However, this practice has also anecdotally been seen as an informal safeguard for widows, as it enables them to stay in the extended family of their deceased husband (clan) with their children and take advantage of family property (e.g., house and land). Indeed, some widows require the protection of levirate marriage, as they traditionally have limited rights to the property of both their natal and their husband’s families. Additionally, in societies with clan exogamy (i.e., marriage with those outside one’s own clan) and patrilocal residence, women often move some distance away from their natal village to their husband’s village at time of marriage. This means that a widow’s close relatives (e.g., biological parents and siblings) typically live away from her current residence and, thus, cannot easily provide her with adequate protection. Therefore, levirate marriage provides widows with an alternative form of material support and social protection.

Interestingly, the widow’s deceased husband’s clan also requires levirate marriage. Many African societies with succession passed down along the male line place a great emphasis on generational continuity (e.g., Caldwell and Caldwell 1987; Tertilt 2005). Therefore, these clan members seek to prevent widows from leaving their husband’s home with the sons of the deceased. Additionally, the clan members of the deceased may even hope that the widow will produce more sons with male relatives of the deceased. Therefore, levirate marriage enables the clan to keep the sons of the deceased within its extended family, and thus, to continue the generations. Here, the clan protects the widow as the caretaker of those sons.

That said, childbirth is among the riskiest events in a woman’s life. In sub-Saharan Africa, it is estimated that about 542 pregnancy- or childbirth-related deaths occurred per 100,000 live births in 2017, in contrast to about 211 maternal deaths per 100,000 live births in the world (WHO 2019). Therefore, the deceased’s clan members have difficulty in forcing women to produce sons during their marriage (with the husband) and possibly after the husband’s death (with one of his male relatives) (e.g., Ashraf et al. 2014).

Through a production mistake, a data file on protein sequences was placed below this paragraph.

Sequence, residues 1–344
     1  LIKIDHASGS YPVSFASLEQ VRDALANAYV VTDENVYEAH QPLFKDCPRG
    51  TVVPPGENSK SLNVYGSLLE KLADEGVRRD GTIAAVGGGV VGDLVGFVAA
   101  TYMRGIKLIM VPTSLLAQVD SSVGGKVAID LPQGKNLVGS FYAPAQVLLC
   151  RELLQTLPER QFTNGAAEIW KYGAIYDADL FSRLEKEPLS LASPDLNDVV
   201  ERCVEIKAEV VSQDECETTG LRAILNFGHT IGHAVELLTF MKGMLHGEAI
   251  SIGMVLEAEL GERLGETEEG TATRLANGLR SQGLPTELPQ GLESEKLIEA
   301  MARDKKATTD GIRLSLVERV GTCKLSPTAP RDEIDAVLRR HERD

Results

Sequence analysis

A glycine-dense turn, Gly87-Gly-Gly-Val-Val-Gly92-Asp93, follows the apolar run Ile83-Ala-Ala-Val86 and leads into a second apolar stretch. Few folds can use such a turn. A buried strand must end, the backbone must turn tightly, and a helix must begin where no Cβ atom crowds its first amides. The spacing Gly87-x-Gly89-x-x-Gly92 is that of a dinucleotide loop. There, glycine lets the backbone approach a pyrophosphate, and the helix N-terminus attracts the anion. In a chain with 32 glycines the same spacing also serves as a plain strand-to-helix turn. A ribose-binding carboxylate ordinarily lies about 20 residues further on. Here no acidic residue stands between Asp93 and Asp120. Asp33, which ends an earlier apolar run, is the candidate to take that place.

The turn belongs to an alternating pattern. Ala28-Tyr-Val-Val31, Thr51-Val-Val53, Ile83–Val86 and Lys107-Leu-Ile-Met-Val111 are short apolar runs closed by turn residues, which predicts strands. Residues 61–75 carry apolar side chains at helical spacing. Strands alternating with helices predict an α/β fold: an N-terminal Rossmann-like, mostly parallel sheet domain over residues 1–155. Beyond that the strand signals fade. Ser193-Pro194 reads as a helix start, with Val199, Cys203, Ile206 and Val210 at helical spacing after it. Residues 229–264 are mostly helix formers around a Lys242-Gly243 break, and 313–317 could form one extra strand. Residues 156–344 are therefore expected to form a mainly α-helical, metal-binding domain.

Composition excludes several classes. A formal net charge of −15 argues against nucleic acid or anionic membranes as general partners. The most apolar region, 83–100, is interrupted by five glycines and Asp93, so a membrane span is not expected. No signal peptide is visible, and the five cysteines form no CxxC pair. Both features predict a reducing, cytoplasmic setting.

However, the members of a woman’s husband’s clan can still motivate her to have more sons by treating her generously conditional upon her acceptance of levirate marriage. This generosity can take several forms, as found in my fieldwork. From 2013 to 2015, I interviewed many local people in Rorya District in northeast Tanzania (see Figure), where most of the population is of the Luo ethnic group, who commonly practice levirate marriage. Some Luo widows were relatively free to select their preferred member of their deceased husband’s clan, and could negotiate with the clan leader about their choice (although entering into negotiation did not necessarily lead to success). They sought to choose a gentle and relatively wealthy inheritor within the extended family of the deceased, who would provide better emotional and material support. Additionally, those who inherited the widows normally took care of their wife and children at their own homestead. Therefore, widows were able to maintain a certain level of independence in their daily life, as they continued to reside at their deceased husband’s home.